Scenarios for migration, Europe and its external borders
The refugee crisis keeps Europe on tenterhooks. Fostering the free movement of people has been an important objective of European integration since the 1950s. Free movement of goods, persons, services and capital were identified as foundations of the Community in the Treaty of Rome. For years it was clear the with the reduction of controls at the internal borders and effective protection of the European external borders is necessary. This is even more necessary because 2015 more than 1.8 million illegal border-crossings have been counted. Many eyes are now turned on Frontex, the European Agency for the Management of Operational Cooperation.
Frontex promotes, coordinates and develops European border management in line with the EU fundamental rights charter applying the concept of Integrated Border Management. Risk analysis is the starting point for all Frontex activities, from joint operations through training to research studies. In order to identify short- medium- and long-term trends, a wealth of data needs to be gathered and analysed. For this, Frontex monitors the global security environment, especially those political, economic, social, technological, legal and environmental factors which could affect border security. Main results are summarized in the annual Risk-Analysis-Report.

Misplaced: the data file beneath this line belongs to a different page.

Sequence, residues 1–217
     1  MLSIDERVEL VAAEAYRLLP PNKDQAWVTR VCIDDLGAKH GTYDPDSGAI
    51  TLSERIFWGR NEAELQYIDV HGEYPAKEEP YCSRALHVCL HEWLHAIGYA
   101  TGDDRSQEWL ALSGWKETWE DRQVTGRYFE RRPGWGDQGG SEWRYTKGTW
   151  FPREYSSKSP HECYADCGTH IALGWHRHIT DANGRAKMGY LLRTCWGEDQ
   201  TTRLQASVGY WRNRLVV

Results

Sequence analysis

In addition to a situational analysis and specific topic-reports, the new „Risk Analysis 2016“ includes for the first time a long-term foresight-study, which has been worked out with the help of ScMI. Therefore a scenario process has been set up, involving experts from Frontex, Member States (Finland, Germany, Greece and the Netherlands), and the European Commission and from other EU agencies like Europol, EAS, the Fundamental Rights Agency, the European External Action Service (EEAS), as well as from the OECD and the UN Refugee Agency (UNHCR). Within the process seven scenarios have been worked out: